Columbia River dam closure sparks PNW barge backlog fears

A critical navigation point in the US internal waterway system is closed for emergency repairs just as this year’s wheat harvest in the Pacific Northwest has hit the market, sparking fears of logistical headaches for exporters in the US’ main wheat exit point.

A lock at the Bonneville Dam on the Columbia River between Washington and Oregon states was shut for emergency repairs over the weekend after a crack appeared in its concrete wall.

The lock has been shut to all barge traffic in both directions since, acting as a chokepoint in the arterial route that carries the bulk of the region’s wheat production to export terminals – most of it destined for Asia.

Authorities drained the lock over the weekend and repairs are currently underway, according to a statement on social media from the US Army Corps of Engineers’ Portland District, which is responsible for the repairs.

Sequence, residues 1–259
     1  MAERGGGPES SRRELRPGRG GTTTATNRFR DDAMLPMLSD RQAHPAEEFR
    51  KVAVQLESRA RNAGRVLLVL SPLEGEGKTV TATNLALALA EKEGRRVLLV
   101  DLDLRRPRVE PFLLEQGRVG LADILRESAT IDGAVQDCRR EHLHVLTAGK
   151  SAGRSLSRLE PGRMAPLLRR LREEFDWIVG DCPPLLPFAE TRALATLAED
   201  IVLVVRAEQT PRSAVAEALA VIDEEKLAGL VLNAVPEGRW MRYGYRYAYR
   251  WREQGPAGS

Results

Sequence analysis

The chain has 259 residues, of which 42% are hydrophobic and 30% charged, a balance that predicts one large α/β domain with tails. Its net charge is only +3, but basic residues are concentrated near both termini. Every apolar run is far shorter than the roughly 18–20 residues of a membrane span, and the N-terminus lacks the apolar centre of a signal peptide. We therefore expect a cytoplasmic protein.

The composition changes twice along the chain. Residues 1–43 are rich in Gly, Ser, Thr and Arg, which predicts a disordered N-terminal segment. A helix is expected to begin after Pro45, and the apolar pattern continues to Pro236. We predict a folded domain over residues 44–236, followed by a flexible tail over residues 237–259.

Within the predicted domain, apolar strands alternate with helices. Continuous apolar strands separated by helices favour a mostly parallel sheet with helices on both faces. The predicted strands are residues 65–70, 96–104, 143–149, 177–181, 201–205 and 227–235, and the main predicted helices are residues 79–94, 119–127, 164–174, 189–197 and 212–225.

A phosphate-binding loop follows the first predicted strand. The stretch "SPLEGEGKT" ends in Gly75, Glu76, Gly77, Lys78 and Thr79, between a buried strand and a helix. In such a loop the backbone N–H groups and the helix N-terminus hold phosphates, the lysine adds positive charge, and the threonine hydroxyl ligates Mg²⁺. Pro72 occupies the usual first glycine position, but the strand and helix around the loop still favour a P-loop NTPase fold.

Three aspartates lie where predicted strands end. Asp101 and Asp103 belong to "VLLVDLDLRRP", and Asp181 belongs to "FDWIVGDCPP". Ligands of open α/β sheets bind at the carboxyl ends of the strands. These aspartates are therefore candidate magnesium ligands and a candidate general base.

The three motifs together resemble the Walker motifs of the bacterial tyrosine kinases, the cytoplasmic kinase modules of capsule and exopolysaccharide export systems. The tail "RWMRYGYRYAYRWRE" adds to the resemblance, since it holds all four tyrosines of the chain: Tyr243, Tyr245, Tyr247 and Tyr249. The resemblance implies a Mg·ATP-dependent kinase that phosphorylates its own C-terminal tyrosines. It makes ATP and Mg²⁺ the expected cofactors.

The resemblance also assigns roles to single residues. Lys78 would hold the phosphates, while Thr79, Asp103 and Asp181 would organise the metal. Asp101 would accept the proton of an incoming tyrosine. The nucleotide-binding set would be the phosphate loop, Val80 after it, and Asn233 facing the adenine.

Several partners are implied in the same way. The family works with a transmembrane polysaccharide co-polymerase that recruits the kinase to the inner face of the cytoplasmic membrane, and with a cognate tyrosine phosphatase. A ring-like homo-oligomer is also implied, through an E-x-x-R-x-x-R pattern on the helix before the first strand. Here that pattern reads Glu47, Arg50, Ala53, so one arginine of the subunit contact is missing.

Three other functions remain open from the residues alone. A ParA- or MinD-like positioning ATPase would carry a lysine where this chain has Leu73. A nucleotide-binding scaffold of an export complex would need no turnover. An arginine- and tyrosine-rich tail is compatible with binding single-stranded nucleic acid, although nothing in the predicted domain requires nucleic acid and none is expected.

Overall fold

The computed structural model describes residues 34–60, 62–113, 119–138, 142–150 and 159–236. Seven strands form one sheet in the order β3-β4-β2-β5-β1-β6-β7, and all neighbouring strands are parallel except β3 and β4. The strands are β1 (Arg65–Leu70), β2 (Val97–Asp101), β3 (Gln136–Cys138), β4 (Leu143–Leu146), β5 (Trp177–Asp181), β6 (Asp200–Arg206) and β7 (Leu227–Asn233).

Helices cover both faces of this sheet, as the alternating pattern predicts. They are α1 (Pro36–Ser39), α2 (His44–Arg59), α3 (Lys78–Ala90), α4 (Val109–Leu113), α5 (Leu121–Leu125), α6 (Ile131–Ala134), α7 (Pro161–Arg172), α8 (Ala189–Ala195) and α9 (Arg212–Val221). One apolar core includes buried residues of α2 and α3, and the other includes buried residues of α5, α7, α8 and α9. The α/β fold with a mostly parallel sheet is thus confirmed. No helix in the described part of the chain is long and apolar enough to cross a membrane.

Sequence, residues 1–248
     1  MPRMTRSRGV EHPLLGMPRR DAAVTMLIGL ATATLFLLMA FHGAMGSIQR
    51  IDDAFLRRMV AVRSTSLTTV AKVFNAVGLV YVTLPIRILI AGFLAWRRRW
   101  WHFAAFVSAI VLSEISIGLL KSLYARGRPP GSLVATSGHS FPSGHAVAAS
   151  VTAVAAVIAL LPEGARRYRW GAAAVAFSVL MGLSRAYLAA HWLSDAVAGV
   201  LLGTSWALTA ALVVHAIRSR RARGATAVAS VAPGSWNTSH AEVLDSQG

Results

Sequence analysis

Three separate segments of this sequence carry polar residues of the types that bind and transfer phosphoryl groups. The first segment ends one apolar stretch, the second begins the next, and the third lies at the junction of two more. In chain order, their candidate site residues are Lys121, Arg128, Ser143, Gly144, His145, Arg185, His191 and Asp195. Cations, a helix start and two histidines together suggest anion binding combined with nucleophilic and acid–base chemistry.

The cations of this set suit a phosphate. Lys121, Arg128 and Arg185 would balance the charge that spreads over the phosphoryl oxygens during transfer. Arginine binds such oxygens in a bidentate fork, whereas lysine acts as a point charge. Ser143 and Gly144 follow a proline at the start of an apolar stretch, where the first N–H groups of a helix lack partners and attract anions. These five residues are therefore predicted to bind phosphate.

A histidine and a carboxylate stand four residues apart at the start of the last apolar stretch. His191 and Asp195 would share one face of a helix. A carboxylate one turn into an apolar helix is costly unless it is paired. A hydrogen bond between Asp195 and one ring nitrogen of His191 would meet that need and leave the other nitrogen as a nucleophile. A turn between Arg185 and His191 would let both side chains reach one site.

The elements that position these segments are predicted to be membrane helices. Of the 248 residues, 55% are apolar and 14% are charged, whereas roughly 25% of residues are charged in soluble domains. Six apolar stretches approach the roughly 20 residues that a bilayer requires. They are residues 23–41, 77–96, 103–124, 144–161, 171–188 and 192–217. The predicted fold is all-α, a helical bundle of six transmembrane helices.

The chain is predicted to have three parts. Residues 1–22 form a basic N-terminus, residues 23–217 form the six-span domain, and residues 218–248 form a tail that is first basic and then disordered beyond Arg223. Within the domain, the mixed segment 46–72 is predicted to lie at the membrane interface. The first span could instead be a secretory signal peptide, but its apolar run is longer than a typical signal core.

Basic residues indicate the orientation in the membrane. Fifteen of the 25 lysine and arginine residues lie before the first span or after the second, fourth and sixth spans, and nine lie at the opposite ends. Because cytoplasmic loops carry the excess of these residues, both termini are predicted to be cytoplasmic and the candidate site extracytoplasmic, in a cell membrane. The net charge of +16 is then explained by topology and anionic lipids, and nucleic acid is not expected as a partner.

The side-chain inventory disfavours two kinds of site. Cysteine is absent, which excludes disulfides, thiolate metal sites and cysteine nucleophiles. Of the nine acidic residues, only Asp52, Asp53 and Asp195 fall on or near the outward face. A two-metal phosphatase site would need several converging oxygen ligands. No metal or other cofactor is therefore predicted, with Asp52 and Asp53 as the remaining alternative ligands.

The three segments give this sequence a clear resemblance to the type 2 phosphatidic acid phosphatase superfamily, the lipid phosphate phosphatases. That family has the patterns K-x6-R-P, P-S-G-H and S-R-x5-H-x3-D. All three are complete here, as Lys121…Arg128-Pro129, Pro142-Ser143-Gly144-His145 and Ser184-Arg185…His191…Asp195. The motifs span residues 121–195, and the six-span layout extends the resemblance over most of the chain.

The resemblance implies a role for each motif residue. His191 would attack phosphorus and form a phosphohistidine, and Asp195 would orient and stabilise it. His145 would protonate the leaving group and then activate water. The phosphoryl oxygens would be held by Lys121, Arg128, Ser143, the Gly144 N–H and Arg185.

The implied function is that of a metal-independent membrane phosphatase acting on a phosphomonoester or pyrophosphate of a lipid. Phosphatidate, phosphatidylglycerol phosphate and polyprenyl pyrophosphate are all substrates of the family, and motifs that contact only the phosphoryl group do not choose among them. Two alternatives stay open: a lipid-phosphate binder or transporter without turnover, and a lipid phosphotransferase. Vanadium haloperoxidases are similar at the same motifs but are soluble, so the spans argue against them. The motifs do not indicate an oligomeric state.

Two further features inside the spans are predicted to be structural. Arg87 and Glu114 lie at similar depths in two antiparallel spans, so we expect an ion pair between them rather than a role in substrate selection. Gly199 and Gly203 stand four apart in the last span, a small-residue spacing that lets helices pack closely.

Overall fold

There was no timeframe given on how long the repairs are expected to take, adding the market’s uncertainty.

“[I] talked to some guys yesterday about it and, so far, it hasn’t backed things up terribly bad,” Adam Knosalla, a broker at Frontier Futures told Agricensus on Tuesday.

“The problem is they don’t really know how long the dam will be closed for repairs and it will begin to back up in a quick hurry if it’s closed for another week or more,” Knosalla said.

Others in the market agreed that the problem, while not acute, remains a poorly timed stumbling block for US exporters in the region, arriving just as this year’s harvest has started to make its way on to the international market.

“It will affect shipments at least to some degree, especially to Asia, and I'd expect to slow down barge movement too,” a trader told Agricensus.

“We have enough wheat to load a few boats, but after that, we're screwed. And so is everyone else … 80% of SWW is brought in by barge,” a second trader added.

Some 12.8 million mt of wheat was exported via the Columbia River during the 2018 calendar year, equivalent to almost 60% of the US’ total wheat exports, according to USDA data.

The US is expected to produce 53.4 million mt of wheat this year, with the USDA forecasting around 26.5 million mt of that is for export.